With lunch finished, we headed back to our rafts. This time, John and the guides had a different seating arrangement. The gentlemen from New York were to have the seats in the rear of the raft. John made it clear to them that their behavior was not cool, and nearly ended up with me getting a trip via helicopter out of the canyon. John said we would show them the proper way to raft. As the next 5 rapids were all multiple turn class III, they were quite nervous. They knew everyone sitting in the rear had a good chance of being a swimmer in freezing cold water!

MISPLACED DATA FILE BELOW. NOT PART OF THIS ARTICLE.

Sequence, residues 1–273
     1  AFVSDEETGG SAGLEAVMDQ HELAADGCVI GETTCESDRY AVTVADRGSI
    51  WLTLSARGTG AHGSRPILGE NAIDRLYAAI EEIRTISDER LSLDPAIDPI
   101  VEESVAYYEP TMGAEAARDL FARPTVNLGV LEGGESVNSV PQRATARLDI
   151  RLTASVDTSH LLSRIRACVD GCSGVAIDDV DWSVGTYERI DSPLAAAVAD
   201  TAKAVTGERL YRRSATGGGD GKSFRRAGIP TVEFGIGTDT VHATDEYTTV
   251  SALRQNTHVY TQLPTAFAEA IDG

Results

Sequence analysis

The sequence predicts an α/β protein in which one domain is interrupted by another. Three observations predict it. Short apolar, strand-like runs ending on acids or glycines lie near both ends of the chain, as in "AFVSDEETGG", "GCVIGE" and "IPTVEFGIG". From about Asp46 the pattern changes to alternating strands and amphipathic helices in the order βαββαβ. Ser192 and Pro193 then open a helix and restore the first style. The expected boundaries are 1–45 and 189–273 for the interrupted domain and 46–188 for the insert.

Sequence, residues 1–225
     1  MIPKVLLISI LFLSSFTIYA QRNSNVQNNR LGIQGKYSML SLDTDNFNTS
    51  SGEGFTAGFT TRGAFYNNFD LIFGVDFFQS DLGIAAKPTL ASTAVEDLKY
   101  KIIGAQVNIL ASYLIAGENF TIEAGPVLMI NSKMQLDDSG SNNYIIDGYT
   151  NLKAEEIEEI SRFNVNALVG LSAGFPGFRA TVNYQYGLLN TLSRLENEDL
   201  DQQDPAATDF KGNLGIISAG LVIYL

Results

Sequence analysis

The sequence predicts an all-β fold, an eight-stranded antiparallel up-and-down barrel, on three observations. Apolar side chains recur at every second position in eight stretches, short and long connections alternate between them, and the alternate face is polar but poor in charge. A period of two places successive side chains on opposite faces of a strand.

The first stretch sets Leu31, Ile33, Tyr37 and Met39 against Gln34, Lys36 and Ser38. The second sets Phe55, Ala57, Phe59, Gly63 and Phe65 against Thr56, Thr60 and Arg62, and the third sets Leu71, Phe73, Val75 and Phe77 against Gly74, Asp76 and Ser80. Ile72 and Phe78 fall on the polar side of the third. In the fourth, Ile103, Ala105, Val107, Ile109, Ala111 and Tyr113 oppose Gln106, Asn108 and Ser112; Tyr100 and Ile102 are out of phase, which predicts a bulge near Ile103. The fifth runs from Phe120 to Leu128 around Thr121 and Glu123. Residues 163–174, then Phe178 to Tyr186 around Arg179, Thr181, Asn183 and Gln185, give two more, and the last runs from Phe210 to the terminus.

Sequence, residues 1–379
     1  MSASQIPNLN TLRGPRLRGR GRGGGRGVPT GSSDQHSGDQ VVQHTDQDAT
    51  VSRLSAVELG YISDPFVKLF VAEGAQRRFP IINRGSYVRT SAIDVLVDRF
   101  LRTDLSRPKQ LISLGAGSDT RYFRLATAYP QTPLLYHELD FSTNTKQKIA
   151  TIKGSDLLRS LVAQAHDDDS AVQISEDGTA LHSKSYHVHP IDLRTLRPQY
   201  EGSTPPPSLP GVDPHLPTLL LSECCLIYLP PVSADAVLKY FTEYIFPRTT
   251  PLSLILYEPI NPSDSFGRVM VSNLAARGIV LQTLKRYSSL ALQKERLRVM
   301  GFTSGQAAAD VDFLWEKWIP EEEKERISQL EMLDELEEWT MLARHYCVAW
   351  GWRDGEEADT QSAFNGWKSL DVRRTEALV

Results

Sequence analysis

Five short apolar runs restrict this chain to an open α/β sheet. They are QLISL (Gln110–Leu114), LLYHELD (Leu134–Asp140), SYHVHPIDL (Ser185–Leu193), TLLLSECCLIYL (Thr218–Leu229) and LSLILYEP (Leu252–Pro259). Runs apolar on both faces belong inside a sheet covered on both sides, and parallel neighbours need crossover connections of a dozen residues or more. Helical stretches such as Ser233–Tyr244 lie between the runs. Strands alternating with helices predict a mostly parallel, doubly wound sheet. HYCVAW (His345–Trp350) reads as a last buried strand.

For the remaining 8 miles of white water, John and I did all that was necessary to safely navigate the river. We bounced off of rocks multiple time with no one getting tossed from the raft. We even helped rescue some swimmers from other rafts. By the time we reached the take out, although tired with frozen feet, I knew I wanted to go again!